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Digital democracy – Google Transparency Report gets realtime updates

Google Transparency Report of Egyptian outage
Google Transparency Report of Egyptian outage / Credit: Google
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Google Transparency Report, the search giant’s public service analysis site has been updated to include realtime analytics with updated data about local outages, the company has announced.

Google Transparency Report is Google’s public service site in which the company shows how it interacts with government bodies and manages fair user access to the company’s services.

Google Transparency Report of Egyptian outage
Google Transparency Report of Egyptian outage / Credit: Google

 

 

The site is split into two sections, Government Requests; which displays the number of requests received by Google for the removal of data by governments, and Traffic; which monitors access to Google services from different countries.

The Transparency Report site came to prominence this year when the Egyptian government blocked access to the internet during political protests.  Google’s site was one of the first to provided information about the times and periods of outages across the country. However, the data was subject to a 24 hour delay before going live on the site.

Google has now reduced this delay to five minutes. And as part of the update has included data about the nature of all outages or blocks to its services since 2009. Google says this update will “[…]provide … facts [that] can spark useful debate about the scope and authority of policy decisions around the globe.” The company also promised to “continue to iterate, [in the] hope that the Report [sic] will help shed light on the accessibility and patterns of traffic to our services around the world. ”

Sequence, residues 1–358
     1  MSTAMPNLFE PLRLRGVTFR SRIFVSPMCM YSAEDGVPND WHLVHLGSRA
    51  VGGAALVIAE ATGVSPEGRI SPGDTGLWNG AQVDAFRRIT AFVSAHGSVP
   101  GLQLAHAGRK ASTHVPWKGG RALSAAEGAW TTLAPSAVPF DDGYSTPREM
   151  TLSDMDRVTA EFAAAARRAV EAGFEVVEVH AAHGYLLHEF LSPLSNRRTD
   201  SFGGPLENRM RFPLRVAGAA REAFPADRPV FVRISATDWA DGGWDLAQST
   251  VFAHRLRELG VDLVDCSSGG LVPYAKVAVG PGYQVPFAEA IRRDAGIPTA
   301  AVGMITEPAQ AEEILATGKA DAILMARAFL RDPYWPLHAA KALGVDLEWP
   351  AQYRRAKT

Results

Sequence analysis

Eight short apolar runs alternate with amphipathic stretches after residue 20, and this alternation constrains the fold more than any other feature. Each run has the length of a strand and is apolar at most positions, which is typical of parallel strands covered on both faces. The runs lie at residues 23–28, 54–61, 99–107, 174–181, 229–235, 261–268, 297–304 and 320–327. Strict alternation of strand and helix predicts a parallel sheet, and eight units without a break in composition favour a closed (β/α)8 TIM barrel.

According to the site in 2009 the Irish government made “Fewer than 10 removal requests” to Google. Half of these were acted upon by Google. Freedom of Information requests by this site in 2010 to the Departments of Communications and Justice for all departmental records requesting the removal or alteration of user data since 2009 were unable to uncover the specifics of each request. Neither department claimed to have access to this information, although both said the other departments would have such records.

While Google Transparency Report’s traffic analysis can be used to detect when web access has be denied by governments it also reveals intereting information about the nature of some countries surfing habits. According to the site the Irish are night time YouTubers, with traffic from Ireland peaking at 10pm each day. In contrast we are more likely to check our Gmail accounts between 10am and 12pm each day. We pick up our news from Google News twice a day at midday and 10:30pm (seemingly just after checking our emails and catching up on YouTube).

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Piers Dillon Scott
Piers Dillon-Scott is co-editor of The Sociable and writes about stuff he finds. He likes technology, media, and using the Oxford comma (because it just makes sense).